Pilot-scale Columns Equipped with Aqueous and Solid-phase Sampling Ports Enable Geochemical and Molecular Microbial Investigations of Anoxic Biological Processes

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Environmental Science & Technology
Jan 2016



Column studies can be employed to query systems that mimic environmentally relevant flow-through processes in natural and built environments. Sampling these systems spatially throughout operation, while maintaining the integrity of aqueous and solid-phase samples for geochemical and microbial analyses, can be challenging particularly when redox conditions within the column differ from ambient conditions. Here we present a pilot-scale column design and sampling protocol that is optimized for long-term spatial and temporal sampling. We utilized this experimental set-up over approximately 2 years to study a biologically active system designed to precipitate zinc-sulfides during sulfate reducing conditions; however, it can be adapted for the study of many flow-through systems where geochemical and/or molecular microbial analyses are desired. Importantly, these columns utilize retrievable solid-phase bags in conjunction with anoxic microbial techniques to harvest substrate samples while minimally disrupting column operation.

Keywords: Environmental engineering (环境工程), Geochemistry (地球化学), Microbiology (微生物学), Pilot-scale (中试规模), Anaerobic respiration (厌氧呼吸), Redox (氧化还原), Bioremediation (生物修复), Bioreactor (生物反应器)


The following describes an experimental design and sampling protocol that circumvents the obstacle of vertical coring for temporal and spatial resolution of column systems. The system has the further advantage of minimal disruption to physical, chemical and biological processes. The pilot-scale design incorporates vertically spaced sampling ports for collection of liquid and solid-phase substrate at discrete time points (Figure 1). Spatial sampling of solid-phase substrates that reside within these columns enables researchers to observe biologically relevant processes such as discrete zones of metal immobilization and shifts in microbial biofilm communities. The evolution of these vertical biogeochemical profiles can be tracked and related to performance over time. While optimized for anoxic systems as described below, this experimental design, which surmounts obstacles of more conventional flow-through column systems, could be applied for spatial inquiry into other systems that rely on aqueous and solid-phase interactions.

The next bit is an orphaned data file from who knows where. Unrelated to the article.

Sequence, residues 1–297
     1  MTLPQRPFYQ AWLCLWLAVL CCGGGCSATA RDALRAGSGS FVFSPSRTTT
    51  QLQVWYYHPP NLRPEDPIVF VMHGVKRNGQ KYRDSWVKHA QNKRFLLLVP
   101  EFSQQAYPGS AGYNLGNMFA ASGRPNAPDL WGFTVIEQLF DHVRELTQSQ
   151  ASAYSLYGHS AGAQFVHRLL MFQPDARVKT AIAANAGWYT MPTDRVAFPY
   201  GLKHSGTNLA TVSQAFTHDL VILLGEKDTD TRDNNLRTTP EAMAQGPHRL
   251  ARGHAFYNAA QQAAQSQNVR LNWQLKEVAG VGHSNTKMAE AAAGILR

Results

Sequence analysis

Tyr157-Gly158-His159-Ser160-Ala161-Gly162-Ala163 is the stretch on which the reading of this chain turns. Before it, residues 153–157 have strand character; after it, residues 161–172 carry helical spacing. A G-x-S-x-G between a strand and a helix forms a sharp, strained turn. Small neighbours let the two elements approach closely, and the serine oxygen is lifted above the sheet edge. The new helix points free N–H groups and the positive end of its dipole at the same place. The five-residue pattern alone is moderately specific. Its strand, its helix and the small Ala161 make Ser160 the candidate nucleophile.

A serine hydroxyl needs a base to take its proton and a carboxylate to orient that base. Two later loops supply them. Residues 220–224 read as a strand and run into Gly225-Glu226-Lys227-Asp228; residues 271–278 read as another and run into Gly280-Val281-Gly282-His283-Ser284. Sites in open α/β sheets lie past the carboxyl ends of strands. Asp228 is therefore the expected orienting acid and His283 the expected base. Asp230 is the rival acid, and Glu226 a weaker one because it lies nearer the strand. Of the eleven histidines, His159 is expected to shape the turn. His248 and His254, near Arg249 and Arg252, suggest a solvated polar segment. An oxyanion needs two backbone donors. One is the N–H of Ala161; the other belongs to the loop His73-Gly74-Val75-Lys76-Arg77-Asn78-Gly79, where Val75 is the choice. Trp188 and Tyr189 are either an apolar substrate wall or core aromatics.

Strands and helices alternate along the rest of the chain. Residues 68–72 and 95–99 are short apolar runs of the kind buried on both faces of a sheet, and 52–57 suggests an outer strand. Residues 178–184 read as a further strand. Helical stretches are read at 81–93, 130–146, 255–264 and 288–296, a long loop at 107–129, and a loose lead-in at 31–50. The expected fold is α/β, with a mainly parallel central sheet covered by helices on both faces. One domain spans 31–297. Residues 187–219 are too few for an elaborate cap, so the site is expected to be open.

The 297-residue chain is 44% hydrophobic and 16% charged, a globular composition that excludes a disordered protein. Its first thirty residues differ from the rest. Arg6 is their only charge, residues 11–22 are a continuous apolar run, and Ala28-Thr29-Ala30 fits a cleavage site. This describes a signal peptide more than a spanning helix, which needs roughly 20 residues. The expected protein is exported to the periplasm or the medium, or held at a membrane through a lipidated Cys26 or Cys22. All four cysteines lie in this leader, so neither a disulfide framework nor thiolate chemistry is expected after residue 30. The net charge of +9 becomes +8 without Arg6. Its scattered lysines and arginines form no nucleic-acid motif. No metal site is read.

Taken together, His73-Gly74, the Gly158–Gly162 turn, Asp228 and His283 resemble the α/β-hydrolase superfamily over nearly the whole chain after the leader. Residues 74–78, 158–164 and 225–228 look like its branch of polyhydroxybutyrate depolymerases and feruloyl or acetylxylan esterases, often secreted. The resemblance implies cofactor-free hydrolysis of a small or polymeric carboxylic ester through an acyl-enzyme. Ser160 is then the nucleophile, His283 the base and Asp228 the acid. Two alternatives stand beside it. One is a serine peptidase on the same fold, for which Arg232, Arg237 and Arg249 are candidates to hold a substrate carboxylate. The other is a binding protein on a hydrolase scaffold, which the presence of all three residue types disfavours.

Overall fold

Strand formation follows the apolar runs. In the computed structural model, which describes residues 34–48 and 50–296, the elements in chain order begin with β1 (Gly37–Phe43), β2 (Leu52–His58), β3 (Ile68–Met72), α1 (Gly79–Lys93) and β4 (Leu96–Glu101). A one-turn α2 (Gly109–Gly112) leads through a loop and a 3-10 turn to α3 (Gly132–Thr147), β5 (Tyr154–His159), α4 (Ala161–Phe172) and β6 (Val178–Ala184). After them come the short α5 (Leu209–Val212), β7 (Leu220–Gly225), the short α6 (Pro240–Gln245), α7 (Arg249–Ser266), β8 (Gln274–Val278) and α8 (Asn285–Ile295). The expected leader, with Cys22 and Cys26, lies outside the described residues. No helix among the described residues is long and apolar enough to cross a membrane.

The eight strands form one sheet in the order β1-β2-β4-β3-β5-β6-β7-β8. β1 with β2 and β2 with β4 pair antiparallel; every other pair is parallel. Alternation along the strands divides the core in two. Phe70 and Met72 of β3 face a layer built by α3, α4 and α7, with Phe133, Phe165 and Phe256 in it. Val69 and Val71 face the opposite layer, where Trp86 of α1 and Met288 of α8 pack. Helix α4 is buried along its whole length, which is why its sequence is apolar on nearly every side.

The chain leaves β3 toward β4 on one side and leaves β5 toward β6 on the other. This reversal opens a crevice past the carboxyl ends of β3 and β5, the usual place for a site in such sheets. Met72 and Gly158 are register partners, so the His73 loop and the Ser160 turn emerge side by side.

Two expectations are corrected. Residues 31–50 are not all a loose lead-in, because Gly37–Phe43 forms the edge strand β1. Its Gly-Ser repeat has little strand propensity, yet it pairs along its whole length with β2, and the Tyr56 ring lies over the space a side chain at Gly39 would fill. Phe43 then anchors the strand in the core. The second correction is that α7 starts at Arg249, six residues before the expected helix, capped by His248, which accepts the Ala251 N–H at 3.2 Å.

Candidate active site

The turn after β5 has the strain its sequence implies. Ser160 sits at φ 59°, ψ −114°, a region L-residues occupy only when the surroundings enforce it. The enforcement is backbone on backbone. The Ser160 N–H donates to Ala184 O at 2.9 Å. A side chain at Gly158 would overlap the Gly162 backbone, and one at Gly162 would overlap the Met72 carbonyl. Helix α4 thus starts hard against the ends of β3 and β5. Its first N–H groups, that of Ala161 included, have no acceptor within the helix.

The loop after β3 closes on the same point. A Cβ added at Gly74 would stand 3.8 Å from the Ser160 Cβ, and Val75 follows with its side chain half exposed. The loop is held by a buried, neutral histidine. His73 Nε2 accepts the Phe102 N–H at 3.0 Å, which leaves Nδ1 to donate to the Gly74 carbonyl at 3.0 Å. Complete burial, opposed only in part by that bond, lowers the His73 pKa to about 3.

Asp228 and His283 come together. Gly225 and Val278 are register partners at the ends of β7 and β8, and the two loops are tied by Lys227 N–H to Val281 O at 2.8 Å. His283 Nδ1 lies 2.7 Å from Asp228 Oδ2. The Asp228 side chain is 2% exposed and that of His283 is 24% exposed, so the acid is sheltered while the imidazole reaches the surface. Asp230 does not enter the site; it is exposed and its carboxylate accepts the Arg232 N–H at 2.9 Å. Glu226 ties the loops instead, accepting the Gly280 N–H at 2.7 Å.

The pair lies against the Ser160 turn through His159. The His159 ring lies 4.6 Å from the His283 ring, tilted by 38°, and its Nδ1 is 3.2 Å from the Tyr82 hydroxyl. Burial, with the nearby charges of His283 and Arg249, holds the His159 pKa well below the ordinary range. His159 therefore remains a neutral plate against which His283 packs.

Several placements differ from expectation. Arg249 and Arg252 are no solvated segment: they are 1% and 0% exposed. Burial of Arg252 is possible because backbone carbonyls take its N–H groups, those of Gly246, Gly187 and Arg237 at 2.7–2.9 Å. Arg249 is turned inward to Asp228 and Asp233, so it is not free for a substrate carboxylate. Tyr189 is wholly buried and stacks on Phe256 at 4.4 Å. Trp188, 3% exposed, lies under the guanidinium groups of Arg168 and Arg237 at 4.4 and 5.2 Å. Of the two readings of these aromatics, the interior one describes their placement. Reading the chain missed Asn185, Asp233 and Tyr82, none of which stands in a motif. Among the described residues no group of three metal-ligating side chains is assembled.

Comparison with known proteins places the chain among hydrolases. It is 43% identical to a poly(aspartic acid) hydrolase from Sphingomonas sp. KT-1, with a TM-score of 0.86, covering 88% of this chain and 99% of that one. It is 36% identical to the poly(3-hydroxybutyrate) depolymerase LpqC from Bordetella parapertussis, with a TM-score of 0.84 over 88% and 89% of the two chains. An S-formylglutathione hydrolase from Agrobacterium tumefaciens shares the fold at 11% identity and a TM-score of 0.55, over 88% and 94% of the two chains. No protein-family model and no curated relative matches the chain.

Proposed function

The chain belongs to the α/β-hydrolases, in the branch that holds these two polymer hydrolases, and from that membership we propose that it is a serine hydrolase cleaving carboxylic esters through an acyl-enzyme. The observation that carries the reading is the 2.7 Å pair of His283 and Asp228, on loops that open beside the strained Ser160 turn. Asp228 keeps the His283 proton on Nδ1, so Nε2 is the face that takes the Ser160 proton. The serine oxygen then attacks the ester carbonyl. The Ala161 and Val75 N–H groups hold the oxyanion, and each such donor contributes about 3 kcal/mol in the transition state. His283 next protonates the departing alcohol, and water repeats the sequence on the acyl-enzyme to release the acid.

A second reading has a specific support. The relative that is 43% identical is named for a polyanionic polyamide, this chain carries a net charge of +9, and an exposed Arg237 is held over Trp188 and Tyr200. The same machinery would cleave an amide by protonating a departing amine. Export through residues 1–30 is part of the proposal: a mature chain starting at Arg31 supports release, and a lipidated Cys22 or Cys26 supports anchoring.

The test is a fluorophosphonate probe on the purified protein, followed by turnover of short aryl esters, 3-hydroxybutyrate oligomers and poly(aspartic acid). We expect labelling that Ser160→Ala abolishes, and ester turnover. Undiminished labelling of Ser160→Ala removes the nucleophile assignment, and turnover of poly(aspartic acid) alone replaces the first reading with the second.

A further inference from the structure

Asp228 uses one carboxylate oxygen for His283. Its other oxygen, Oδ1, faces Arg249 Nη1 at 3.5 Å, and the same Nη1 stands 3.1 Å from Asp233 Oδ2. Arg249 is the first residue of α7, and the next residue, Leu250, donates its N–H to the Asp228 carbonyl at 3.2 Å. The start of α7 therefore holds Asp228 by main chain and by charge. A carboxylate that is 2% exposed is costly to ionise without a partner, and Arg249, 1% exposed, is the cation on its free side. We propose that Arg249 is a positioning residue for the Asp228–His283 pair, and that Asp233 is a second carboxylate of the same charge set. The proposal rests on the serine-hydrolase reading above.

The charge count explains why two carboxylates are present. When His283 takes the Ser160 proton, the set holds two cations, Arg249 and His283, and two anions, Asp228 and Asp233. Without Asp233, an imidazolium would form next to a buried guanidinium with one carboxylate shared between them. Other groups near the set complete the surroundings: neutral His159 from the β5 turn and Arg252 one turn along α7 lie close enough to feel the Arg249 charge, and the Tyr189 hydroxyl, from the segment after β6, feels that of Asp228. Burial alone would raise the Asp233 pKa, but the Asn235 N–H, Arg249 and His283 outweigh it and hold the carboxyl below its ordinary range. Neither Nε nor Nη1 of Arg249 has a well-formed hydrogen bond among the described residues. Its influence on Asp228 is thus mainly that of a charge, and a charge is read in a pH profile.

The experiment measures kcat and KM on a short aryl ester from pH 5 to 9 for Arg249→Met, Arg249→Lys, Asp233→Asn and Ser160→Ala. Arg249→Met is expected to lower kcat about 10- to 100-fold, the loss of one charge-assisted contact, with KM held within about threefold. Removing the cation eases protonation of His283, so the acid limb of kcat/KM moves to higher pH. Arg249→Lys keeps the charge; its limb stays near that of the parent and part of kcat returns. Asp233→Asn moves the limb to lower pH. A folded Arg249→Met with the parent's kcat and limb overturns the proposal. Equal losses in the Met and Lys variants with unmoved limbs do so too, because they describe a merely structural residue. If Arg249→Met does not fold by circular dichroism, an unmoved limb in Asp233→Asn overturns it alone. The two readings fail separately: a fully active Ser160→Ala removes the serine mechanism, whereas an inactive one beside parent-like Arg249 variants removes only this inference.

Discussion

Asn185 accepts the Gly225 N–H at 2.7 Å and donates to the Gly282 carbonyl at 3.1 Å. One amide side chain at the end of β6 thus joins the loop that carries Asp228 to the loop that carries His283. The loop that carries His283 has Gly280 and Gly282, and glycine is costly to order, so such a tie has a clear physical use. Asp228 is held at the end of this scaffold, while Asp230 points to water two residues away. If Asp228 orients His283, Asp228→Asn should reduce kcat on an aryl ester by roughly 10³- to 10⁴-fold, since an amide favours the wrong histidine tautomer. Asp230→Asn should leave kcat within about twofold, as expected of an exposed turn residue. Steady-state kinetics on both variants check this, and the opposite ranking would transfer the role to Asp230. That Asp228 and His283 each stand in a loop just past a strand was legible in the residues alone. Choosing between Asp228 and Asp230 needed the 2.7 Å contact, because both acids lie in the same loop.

Of particular interest to our research, Sulfate Reducing Bioreactors (SRBRs) have been employed to mitigate the release of Mining Influenced Water (MIW) for approximately two decades (Wildeman et al., 1994). Due to the anoxic nature of these systems and their spatial heterogeneity, sampling SRBRs without operational disruption presents many challenges. Previously these systems were sampled with limited spatial resolution potentially excluding seminal processes occurring in regions within (Neculita et al., 2008). While sacrificial sampling can surmount this obstacle, it does so at the expense of temporal resolution. Furthermore, spatial inquiry into pilot-scale and larger SRBRs is challenging due to difficulty associated with coring saturated, heterogeneous organic materials (woodchips, sawdust, hay) and disruptions that can result from this form of sample collection. Our design and sampling procedure enabled us to examine the performance of sulfate reducing bioreactors that treat mining influenced water as a function of organic substrate, microbial community structure, water quality, and metal-sulfide precipitation yielding novel insights into the operation of these systems (Drennan et al., 2016).